1. Belgium’s record in the qualifiers – seven goals at home, 11 on the road – show that they are happier playing on the break when teams come at them. This means their chances could improve as they advance in the competition.
2. The selection of the midfield trio is still a problem for Marc Wilmots. Only Axel Witsel is certain to play. No one else has looked convincing; Marouane Fellaini is in essence a ‘Plan B’ when things are going wrong while Kevin De Bruyne has not looked happy in the South American climate.
3. One problem that Wilmots has is that his midfield options – Nacer Chadli, Moussa Dembélé and Steven Defour – are much of a muchness, i.e. they are similar players. Wilmots ‘may’ regret omitting Radja Nainggolan and/or Thorgan Hazard but choosing them would have gone against his ‘keeping the family together’ ethic.
4. In 2011, I wrote “There is a dearth of top-class full backs in Belgium as opposed to central defenders where there is an abundance of quality and experienced performers”. Nothing has changed and teams that do attack Belgium may use this to their advantage.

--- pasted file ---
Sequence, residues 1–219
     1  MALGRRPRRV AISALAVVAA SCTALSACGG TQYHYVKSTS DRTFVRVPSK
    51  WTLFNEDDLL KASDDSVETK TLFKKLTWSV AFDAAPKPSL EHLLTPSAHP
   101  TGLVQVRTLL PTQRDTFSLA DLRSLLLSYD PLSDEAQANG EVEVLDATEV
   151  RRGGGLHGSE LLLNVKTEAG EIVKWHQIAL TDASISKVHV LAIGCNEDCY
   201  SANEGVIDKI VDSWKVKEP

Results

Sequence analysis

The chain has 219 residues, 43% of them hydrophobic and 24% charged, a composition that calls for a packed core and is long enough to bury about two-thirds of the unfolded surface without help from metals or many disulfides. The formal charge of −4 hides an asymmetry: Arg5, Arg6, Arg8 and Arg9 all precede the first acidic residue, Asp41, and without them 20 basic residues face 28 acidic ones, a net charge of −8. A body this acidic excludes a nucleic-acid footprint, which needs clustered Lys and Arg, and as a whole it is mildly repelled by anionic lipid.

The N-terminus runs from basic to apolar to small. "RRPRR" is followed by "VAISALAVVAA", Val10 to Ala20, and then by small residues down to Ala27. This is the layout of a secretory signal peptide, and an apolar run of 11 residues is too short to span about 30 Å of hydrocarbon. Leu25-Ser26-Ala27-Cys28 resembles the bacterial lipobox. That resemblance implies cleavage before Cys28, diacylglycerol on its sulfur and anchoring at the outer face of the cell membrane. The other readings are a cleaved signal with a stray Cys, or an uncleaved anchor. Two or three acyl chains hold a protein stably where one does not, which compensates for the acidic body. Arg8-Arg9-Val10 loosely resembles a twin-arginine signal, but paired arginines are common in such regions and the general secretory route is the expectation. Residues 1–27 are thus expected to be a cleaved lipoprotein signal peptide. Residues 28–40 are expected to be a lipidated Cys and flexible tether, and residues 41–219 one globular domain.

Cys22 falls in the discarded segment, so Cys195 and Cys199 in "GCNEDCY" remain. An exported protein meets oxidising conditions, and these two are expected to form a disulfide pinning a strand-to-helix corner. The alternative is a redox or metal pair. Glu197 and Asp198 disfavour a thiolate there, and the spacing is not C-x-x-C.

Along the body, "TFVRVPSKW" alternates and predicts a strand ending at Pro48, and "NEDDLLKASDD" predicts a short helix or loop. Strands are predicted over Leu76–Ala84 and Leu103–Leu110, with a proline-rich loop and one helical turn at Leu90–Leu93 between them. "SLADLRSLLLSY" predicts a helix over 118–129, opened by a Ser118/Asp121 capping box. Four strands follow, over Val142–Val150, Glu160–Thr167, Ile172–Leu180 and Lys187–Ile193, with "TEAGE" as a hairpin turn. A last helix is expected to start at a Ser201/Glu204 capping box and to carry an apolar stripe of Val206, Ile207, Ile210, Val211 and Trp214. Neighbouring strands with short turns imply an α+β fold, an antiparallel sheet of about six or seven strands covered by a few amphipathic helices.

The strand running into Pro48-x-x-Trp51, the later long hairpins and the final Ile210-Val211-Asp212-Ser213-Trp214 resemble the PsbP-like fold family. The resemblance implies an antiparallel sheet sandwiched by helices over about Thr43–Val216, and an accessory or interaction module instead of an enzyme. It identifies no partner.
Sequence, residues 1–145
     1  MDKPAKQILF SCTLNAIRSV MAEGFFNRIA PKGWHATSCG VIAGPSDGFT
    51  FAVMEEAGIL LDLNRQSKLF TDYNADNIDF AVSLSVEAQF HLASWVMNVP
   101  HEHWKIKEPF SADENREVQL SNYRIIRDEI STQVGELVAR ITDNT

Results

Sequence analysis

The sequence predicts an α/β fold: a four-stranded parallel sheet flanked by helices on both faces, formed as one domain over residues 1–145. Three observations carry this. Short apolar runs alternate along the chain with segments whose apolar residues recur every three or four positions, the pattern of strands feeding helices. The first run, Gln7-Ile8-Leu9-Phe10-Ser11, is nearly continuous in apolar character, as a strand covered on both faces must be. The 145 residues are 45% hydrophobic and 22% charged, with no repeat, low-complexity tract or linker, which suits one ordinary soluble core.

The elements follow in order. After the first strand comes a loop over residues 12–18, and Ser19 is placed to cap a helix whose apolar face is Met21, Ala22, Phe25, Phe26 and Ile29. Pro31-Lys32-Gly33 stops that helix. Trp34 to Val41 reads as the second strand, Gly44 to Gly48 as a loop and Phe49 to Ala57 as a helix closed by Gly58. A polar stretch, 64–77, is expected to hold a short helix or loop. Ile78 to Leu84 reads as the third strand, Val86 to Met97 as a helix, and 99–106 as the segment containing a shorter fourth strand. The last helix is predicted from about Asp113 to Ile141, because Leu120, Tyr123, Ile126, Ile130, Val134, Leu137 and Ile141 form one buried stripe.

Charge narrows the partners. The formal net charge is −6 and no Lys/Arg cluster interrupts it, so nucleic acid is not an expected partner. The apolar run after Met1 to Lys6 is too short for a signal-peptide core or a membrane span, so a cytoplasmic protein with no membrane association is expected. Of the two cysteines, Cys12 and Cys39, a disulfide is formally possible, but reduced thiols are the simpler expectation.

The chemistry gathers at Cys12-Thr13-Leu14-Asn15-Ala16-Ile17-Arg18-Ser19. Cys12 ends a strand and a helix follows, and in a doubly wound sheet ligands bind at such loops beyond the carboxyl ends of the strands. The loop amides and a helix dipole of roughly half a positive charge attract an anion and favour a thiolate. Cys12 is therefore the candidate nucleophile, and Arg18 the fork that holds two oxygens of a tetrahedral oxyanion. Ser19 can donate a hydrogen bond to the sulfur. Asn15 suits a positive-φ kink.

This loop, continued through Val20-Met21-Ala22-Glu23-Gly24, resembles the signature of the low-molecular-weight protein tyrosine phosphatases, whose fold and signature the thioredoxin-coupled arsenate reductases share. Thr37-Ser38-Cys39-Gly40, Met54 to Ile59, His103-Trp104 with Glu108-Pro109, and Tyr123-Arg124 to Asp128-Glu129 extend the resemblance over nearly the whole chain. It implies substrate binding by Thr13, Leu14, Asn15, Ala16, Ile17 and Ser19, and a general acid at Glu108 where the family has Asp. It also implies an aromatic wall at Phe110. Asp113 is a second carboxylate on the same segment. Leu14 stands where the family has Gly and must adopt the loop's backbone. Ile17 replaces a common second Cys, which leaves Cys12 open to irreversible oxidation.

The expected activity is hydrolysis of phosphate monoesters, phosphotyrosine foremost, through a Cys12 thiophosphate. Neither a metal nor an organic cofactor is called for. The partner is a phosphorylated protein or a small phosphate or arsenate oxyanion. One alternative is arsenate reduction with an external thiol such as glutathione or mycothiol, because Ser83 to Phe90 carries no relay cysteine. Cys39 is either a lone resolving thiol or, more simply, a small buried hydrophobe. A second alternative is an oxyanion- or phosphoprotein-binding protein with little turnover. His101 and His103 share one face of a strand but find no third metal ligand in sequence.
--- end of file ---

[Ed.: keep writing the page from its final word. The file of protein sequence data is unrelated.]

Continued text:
5. There have been fears that Romelu Lukaku is happiest – possibly like Belgium – when playing on the break rather than as a traditional front man. These fears have been confirmed but he could be useful in the knock-out stages.
6. Choosing Divock Origi to replace Christian Benteke has proved to be an excellent decision by Wilmots. Origi looks like a real player and experienced observers say he is more advanced then Lukaku and Benteke were at a similar stage in their careers.7. Wilmots is an inexperienced coach. This is the first time he’s been in the job anywhere for more than a year. It’s therefore no surprise that he’s learning his trade as a tactician but he’s a fine man manager and an excellent leader of men.
8. Georges Leekens, Wilmots’ predecessor, hardly ever made a substitution before the 75th minute. Wilmots has made his substitutions early and so far they have all paid off.
9. WARNING ALERT! In 1994, Belgium won their first two games and rested players against Saudi Arabia. Belgium lost that match, came third in the group and had to play Germany, losing 3-2 in Chicago.
10. In the 1986 World Cup, Belgium only won game in the group stage, against Iraq. They qualified as one of the best third-placed teams and then beat the USSR after extra time. In the quarter-final they beat Spain after a penalty shoot-out to reach the semi-finals. So they only won one match in the 90 minute timeframe. As many people say – “anything can happen in the World Cup”.